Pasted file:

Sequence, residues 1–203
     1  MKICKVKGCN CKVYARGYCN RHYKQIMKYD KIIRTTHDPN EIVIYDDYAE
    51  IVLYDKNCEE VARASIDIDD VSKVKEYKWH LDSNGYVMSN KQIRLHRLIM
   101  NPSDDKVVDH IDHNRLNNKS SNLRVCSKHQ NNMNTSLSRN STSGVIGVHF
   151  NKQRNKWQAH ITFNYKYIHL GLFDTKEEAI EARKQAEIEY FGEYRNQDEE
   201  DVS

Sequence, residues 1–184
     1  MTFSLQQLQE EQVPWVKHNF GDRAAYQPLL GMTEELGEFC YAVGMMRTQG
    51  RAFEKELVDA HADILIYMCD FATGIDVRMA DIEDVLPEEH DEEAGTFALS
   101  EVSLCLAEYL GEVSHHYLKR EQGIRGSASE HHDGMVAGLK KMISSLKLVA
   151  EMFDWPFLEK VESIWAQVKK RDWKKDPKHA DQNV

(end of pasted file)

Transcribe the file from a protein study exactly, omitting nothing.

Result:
Sequence, residues 1–203
     1  MKICKVKGCN CKVYARGYCN RHYKQIMKYD KIIRTTHDPN EIVIYDDYAE
    51  IVLYDKNCEE VARASIDIDD VSKVKEYKWH LDSNGYVMSN KQIRLHRLIM
   101  NPSDDKVVDH IDHNRLNNKS SNLRVCSKHQ NNMNTSLSRN STSGVIGVHF
   151  NKQRNKWQAH ITFNYKYIHL GLFDTKEEAI EARKQAEIEY FGEYRNQDEE
   201  DVS

Sequence, residues 1–184
     1  MTFSLQQLQE EQVPWVKHNF GDRAAYQPLL GMTEELGEFC YAVGMMRTQG
    51  RAFEKELVDA HADILIYMCD FATGIDVRMA DIEDVLPEEH DEEAGTFALS
   101  EVSLCLAEYL GEVSHHYLKR EQGIRGSASE HHDGMVAGLK KMISSLKLVA
   151  EMFDWPFLEK VESIWAQVKK RDWKKDPKHA DQNV